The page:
Environmental Groups Pull Out of Multi-stakeholder Oilsands ProcessOutline key steps for government to restore credibility to environmental management

Aug. 18, 2008

Today the Pembina Institute, the Toxics Watch Society of Alberta and the Fort McMurray Environmental Association (FMEA) formally withdrew from the Cumulative Environmental Management Association (CEMA). After eight years of effort and consistent failure to meet deadlines for recommending systems to protect the region’s environment, CEMA has lost all legitimacy as an organization and process for environmental management in the oilsands.

“The Alberta Government has taken a ‘talk and drill’ approach to developing the oilsands. It has squandered an opportunity to get effective environmental management in place ahead of serious on-the-ground cumulative impacts. Now it must play catch up,” said Chris Severson-Baker, Policy Director with the Pembina Institute and former CEMA Board Member.

As founding members of CEMA, the multi-stakeholder organization initiated by the Government of Alberta to recommend environmental management systems in the Athabasca oilsands, the Pembina Institute, Toxics Watch and FMEA made significant efforts to advance environmental management within CEMA. Those efforts ultimately proved unsuccessful. Further, the Government of Alberta’s ongoing approval of oilsands projects in the absence of sufficient environmental management — and its lack of senior leadership — fundamentally undermined CEMA's mandate.

“Frankly speaking, we can no longer legitimize a process that both the oilsands industry and government have been using as a shield to deflect criticism about the cumulative environmental impacts of oilsands development,” said Myles Kitagawa, a director with the Toxics Watch Society. “We urgently need to set science-based environmental limits before approving new oilsands development.”

Recognizing the urgent need for environmental management and the benefits of engaging stakeholders, including Aboriginal groups, environmental organizations and the oilsands industry, the Pembina Institute, Toxics Watch and FMEA have put forward recommendations for a new multi-stakeholder approach to environmental management:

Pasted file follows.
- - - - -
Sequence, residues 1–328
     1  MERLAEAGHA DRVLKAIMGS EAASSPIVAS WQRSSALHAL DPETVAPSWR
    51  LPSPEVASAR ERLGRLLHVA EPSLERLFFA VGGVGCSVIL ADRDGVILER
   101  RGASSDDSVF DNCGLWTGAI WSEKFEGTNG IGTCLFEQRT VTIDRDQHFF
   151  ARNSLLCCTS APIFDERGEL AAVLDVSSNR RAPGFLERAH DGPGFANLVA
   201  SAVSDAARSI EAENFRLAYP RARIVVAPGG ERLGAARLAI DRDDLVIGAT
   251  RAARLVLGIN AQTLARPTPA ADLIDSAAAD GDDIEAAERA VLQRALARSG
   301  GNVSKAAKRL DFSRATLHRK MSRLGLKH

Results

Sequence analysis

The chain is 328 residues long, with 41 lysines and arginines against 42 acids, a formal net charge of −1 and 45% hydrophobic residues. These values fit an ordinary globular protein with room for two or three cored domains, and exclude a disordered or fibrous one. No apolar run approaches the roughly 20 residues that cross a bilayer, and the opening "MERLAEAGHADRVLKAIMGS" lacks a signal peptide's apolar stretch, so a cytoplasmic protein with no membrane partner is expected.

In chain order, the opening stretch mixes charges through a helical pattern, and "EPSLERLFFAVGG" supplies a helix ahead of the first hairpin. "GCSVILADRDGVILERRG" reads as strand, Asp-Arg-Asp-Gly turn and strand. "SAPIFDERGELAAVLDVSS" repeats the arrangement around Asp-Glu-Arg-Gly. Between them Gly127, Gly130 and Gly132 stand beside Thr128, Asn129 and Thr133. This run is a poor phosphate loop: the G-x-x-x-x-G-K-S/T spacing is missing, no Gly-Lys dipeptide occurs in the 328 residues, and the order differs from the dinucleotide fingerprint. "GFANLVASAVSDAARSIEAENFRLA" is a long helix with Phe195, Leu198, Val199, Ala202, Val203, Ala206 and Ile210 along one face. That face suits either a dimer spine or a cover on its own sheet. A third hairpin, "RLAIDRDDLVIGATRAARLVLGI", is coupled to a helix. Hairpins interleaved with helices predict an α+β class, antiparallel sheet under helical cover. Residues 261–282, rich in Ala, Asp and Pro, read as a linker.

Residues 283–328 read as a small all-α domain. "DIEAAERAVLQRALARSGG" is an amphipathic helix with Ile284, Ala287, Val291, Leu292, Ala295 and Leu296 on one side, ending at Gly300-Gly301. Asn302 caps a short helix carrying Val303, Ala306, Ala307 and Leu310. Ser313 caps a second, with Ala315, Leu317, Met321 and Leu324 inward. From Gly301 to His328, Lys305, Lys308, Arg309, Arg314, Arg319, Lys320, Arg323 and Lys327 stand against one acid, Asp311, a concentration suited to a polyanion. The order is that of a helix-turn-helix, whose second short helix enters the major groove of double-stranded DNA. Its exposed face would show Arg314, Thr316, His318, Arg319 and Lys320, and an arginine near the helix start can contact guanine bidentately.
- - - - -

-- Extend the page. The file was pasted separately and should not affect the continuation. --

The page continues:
• Suspend new oilsands approvals and lease sales until interim environmental limits and management systems are in place.
  • Convene a panel of experts to identify interim science-based environmental limits.
  • Draft environmental management systems with First Nations governments and the Government of Canada.
  • Re-constitute CEMA with
    • balanced, sector-based representation, not dominated by industry;
    • full participation from government decision-making agencies;
    • scheduled deliverables;
    • consensus-based decisions when appropriate;
    • strict procedural rules for documenting discussion and decision-making.
  • Engage this reconstituted multi-stakeholder organization in a review of draft management systems with a firm deadline.
  • Present recommendations to the governments of Alberta, Canada and the five Athabasca-region First Nations for implementation.

“To restore its credibility and legitimacy with stakeholders the Alberta Government must acknowledge that the current approach is fundamentally broken,” said Simon Dyer, Oilsands Program Director with the Pembina Institute.

The above recommendations are more fully described in a new report by the Pembina Institute, Taking the Wheel: Correcting the Course of Cumulative Environmental Management in the Athabasca Oilsands. The report can be downloaded from www.pembina.org/pubs.

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For more information contact:

Simon Dyer
Director, Oilsands Program
The Pembina Institute
Cell: 403-322-3937

Chris Severson-Baker
Policy Director
The Pembina Institute
Cell: 403-899-7423

Ann Dort-McLean
Fort McMurray Environmental Association
Office: 780-790-9236

Myles Kitagawa
Toxics Watch Society of Alberta
Office: 780-907-1231


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